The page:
Storr, one of the finest English silversmiths of the period, had left Rundell, Bridge & Rundell to set up his own workshop on Harrison Street near Clerkenwell in 1819. A couple of years later he went into business with John Mortimer who was succeeding the jewellery retail business of William Gray at 13 New Bond Street, thereby gaining a shop premises on the most fashionable street in London.
Under their agreement, Storr concentrated on the manufacture of goods for Mortimer to sell in the New Bond Street shop. Storr and Mortimer were now manufacturing and retail goldsmiths, jewellers and silversmiths with an influential clientele including Royalty and aristocracy no doubt attracted by the reputation that Storr had developed during his time with Rundell, Bridge & Rundell. Storr continued to make exceptional works in silver for both his own clients and also other firms such as Garrard.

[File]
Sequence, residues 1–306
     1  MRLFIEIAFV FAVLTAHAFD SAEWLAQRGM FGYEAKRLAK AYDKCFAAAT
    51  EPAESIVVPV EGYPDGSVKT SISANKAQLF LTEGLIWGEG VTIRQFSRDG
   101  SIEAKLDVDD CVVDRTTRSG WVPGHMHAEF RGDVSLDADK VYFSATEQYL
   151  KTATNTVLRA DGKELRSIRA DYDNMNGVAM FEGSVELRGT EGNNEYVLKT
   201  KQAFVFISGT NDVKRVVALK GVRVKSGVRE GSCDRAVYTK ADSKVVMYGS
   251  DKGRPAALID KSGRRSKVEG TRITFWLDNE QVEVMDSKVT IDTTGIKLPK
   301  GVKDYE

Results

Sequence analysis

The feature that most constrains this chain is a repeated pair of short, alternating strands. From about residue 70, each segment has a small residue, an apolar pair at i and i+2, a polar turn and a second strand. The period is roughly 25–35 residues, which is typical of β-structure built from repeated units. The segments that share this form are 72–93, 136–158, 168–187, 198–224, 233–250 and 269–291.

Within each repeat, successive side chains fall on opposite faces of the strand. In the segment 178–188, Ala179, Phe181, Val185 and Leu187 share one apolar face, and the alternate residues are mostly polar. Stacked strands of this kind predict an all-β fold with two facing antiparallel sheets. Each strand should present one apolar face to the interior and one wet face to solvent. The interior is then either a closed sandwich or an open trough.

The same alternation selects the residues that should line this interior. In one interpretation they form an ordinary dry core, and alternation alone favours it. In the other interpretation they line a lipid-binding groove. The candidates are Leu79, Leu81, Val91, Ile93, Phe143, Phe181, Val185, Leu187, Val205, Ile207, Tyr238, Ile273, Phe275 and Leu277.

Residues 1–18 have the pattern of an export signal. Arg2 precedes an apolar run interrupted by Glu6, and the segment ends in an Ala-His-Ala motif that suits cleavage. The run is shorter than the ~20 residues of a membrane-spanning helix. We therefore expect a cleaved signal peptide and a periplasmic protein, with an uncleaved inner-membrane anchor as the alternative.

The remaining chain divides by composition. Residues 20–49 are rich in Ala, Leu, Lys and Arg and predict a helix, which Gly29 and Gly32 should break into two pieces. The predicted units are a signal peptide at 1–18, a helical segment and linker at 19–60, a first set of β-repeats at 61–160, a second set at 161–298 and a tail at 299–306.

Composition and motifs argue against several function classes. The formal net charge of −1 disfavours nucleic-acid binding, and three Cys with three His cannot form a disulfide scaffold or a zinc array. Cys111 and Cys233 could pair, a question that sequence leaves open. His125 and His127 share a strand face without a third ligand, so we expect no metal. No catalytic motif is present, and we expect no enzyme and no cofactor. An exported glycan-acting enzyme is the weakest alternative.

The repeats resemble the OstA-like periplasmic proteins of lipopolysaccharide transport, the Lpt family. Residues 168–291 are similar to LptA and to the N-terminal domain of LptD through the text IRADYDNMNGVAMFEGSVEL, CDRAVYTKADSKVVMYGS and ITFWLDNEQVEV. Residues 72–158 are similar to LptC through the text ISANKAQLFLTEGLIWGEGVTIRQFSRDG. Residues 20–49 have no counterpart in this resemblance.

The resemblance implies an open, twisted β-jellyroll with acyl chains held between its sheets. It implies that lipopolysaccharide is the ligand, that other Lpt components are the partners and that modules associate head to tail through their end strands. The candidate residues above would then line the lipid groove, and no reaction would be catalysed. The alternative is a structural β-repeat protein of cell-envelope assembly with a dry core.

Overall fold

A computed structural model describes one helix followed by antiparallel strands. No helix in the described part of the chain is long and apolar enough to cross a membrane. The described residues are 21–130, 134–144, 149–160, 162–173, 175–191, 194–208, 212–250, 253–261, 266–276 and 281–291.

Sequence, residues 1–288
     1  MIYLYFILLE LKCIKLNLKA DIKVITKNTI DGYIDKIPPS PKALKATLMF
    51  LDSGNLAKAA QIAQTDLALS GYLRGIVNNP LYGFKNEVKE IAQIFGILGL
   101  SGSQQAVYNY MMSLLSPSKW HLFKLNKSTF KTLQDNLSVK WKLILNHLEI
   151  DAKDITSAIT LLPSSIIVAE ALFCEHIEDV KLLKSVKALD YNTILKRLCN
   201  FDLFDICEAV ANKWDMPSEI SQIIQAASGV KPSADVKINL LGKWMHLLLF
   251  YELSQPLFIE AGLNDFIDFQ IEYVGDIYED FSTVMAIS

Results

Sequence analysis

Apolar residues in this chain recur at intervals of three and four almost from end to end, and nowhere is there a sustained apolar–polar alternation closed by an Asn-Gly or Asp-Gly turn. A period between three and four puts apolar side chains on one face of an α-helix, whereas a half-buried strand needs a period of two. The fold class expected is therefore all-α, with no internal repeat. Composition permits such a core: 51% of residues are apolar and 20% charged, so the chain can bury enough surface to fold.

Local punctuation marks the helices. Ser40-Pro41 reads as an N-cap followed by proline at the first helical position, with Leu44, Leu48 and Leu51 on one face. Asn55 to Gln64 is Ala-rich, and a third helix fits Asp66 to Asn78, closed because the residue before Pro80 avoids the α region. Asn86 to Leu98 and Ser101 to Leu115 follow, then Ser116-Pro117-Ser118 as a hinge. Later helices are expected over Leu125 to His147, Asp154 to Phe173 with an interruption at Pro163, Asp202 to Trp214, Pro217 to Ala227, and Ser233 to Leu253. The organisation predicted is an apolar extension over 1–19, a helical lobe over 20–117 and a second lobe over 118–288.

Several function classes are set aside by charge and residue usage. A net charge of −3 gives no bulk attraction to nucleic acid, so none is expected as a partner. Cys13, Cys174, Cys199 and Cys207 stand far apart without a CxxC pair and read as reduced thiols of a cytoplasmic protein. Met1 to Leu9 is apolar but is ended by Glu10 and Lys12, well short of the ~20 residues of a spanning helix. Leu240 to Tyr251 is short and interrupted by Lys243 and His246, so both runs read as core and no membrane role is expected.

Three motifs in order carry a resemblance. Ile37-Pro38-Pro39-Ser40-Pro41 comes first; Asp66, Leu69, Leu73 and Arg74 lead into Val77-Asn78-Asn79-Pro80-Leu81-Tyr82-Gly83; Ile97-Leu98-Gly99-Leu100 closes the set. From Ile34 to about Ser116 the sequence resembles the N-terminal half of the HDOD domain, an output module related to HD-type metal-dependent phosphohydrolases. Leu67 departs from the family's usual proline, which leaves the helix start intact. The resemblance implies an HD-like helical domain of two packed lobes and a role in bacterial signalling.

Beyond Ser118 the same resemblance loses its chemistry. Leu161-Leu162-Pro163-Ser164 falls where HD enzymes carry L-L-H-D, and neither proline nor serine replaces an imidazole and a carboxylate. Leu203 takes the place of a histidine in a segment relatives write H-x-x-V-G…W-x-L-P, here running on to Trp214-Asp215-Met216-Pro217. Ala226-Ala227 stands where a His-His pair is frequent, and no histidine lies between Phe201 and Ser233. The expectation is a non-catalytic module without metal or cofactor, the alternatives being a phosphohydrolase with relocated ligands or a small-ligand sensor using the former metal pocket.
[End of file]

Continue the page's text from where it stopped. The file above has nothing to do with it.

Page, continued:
In 1826 they took on an additional partner, John Samuel Hunt, who brought a welcome investment capital of £5,000 with him. In 1838 they moved to new premises at 156 New Bond Street settling in just prior to the retirement of Paul Storr at the end of December that same year. This prompted a name change to Mortimer and Hunt which the business operated under from 1839 until 1843 when John Mortimer retired and the name changed one again, this time to Hunt & Roskell. Please see our Hunt & Roskell biography for the continuation of this firm’s history.